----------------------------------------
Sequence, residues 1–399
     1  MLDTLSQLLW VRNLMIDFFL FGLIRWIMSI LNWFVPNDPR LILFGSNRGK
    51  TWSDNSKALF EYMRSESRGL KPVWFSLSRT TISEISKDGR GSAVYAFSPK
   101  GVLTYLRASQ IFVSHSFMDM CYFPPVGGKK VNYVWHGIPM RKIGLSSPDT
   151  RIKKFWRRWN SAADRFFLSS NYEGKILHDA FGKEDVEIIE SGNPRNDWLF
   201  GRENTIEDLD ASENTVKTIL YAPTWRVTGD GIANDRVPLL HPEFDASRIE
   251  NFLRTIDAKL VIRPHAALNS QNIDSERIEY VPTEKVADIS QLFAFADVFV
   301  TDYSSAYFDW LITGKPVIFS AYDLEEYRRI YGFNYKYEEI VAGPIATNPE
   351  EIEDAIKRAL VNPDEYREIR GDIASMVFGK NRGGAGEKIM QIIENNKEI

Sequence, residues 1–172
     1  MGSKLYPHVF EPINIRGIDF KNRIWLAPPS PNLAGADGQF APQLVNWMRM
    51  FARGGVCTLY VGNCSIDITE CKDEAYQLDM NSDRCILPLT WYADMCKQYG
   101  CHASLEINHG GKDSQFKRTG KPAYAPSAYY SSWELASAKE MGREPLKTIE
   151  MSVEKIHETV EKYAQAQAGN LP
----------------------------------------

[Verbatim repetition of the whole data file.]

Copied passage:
Sequence, residues 1–399
     1  MLDTLSQLLW VRNLMIDFFL FGLIRWIMSI LNWFVPNDPR LILFGSNRGK
    51  TWSDNSKALF EYMRSESRGL KPVWFSLSRT TISEISKDGR GSAVYAFSPK
   101  GVLTYLRASQ IFVSHSFMDM CYFPPVGGKK VNYVWHGIPM RKIGLSSPDT
   151  RIKKFWRRWN SAADRFFLSS NYEGKILHDA FGKEDVEIIE SGNPRNDWLF
   201  GRENTIEDLD ASENTVKTIL YAPTWRVTGD GIANDRVPLL HPEFDASRIE
   251  NFLRTIDAKL VIRPHAALNS QNIDSERIEY VPTEKVADIS QLFAFADVFV
   301  TDYSSAYFDW LITGKPVIFS AYDLEEYRRI YGFNYKYEEI VAGPIATNPE
   351  EIEDAIKRAL VNPDEYREIR GDIASMVFGK NRGGAGEKIM QIIENNKEI

Sequence, residues 1–172
     1  MGSKLYPHVF EPINIRGIDF KNRIWLAPPS PNLAGADGQF APQLVNWMRM
    51  FARGGVCTLY VGNCSIDITE CKDEAYQLDM NSDRCILPLT WYADMCKQYG
   101  CHASLEINHG GKDSQFKRTG KPAYAPSAYY SSWELASAKE MGREPLKTIE
   151  MSVEKIHETV EKYAQAQAGN LP